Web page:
Repeated sequence (DNA)

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Repeated sequences (aka. repetitive elements, or repeats) are patterns of nucleic acids (DNA or RNA) that occur in multiple copies throughout the genome. The functions and descriptions of these sequences are currently[when?] being characterized by scientists. Repetitive DNA was first detected because of its rapid reassociation kinetics.


Types[edit]

Main types[edit]

There are 3 major categories of repeated sequence or repeats:

In primates, the majority of LINEs are LINE-1 and the majority of SINEs are Alu's.

In prokaryotes, CRISPR are arrays of alternating repeats and spacers.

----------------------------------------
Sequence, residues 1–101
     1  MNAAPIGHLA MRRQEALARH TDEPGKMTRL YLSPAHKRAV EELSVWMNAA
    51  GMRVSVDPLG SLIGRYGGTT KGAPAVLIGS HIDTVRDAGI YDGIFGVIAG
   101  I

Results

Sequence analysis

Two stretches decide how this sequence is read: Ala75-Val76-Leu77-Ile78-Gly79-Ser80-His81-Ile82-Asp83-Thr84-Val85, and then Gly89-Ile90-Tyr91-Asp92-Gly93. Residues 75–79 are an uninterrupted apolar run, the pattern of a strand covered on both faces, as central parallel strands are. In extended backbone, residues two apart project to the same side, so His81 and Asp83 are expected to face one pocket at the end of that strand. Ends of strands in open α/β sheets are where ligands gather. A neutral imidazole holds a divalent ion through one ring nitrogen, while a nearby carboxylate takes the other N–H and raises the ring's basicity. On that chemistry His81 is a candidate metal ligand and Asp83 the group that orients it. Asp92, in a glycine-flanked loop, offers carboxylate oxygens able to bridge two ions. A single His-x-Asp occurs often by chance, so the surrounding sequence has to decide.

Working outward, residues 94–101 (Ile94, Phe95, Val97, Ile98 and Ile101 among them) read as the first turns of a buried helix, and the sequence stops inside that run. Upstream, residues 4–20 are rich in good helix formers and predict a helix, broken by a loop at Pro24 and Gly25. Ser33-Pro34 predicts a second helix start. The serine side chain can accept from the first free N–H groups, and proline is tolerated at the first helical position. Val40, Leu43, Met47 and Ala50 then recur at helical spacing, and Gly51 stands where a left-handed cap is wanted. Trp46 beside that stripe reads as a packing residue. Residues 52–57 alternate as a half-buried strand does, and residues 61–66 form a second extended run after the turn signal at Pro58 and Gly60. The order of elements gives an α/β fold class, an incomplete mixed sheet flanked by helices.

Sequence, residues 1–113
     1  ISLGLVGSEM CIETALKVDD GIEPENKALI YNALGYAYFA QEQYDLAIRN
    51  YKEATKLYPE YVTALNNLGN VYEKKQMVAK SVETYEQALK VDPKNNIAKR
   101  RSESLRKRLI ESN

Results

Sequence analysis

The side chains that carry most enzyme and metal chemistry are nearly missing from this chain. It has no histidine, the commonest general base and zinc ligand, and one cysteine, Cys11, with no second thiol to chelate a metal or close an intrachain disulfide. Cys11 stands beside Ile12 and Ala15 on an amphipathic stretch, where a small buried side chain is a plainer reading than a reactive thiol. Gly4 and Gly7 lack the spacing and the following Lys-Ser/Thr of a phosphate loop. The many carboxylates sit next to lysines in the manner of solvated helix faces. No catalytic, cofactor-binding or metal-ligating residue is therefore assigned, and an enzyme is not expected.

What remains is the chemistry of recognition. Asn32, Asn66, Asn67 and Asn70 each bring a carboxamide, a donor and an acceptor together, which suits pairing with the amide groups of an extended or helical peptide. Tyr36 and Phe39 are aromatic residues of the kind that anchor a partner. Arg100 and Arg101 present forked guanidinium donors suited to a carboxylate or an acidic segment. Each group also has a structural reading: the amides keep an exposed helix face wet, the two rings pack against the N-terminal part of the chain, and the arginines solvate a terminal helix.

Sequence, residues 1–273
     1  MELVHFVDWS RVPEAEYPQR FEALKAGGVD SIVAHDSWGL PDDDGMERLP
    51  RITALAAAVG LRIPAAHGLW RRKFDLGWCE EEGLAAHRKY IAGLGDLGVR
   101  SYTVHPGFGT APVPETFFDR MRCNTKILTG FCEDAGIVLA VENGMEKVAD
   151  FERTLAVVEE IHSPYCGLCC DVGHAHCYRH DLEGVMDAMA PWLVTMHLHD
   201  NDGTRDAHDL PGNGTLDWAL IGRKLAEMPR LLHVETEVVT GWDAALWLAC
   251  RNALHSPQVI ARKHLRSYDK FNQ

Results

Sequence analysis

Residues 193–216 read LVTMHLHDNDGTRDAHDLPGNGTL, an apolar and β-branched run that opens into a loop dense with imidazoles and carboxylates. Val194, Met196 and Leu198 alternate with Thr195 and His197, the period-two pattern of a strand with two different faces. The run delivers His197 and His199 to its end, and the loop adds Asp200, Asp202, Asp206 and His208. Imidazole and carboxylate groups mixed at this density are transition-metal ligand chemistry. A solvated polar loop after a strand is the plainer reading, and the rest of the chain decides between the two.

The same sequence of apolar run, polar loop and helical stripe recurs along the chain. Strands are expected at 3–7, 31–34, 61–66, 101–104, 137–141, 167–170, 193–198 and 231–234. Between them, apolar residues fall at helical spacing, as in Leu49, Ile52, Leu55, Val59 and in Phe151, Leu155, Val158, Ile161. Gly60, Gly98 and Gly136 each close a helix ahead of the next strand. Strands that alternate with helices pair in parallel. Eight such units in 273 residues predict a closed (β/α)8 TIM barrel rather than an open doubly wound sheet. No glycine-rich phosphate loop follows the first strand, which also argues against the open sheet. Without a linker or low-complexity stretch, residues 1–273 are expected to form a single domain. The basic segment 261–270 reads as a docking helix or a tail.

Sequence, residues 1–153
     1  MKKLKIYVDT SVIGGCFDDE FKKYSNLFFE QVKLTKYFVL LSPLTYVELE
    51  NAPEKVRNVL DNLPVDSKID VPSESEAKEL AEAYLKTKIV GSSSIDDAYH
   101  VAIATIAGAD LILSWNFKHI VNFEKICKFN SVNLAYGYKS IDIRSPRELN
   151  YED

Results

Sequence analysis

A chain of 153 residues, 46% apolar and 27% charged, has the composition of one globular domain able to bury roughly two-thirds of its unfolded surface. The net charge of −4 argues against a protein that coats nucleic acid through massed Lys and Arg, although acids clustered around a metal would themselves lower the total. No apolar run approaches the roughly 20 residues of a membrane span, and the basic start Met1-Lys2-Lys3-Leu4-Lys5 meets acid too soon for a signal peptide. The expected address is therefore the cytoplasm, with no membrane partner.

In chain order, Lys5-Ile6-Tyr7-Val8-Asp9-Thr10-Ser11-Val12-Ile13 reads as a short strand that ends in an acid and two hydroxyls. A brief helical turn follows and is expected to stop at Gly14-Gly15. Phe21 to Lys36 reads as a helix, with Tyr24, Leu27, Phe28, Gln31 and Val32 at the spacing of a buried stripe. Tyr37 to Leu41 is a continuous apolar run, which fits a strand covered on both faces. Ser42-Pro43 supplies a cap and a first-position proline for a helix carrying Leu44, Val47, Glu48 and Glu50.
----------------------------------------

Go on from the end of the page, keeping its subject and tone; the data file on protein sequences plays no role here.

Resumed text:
Other types[edit]

Note: The following are covered in detail in "Computing for Comparative Microbial Genomics".[1]

  • Direct repeats
    • Global direct repeat
    • Local direct simple repeats
    • Local direct repeats
    • Local direct repeats with spacer
  • Inverted repeats
    • Global inverted repeat
    • Local inverted repeat
    • Inverted repeat with spacer
    • Palindromic repeat
  • Mirror and everted repeats

See also[edit]

References[edit]

  1. ^ Ussery, David W.; Wassenaar, Trudy; Borini, Stefano (2008-12-22). "Word Frequencies, Repeats, and Repeat-related Structures in Bacterial Genomes". Computing for Comparative Microbial Genomics: Bioinformatics for Microbiologists. Computational Biology 8 (1 ed.). Springer. pp. 133–144. ISBN 978-1-84800-254-8. 

External links[edit]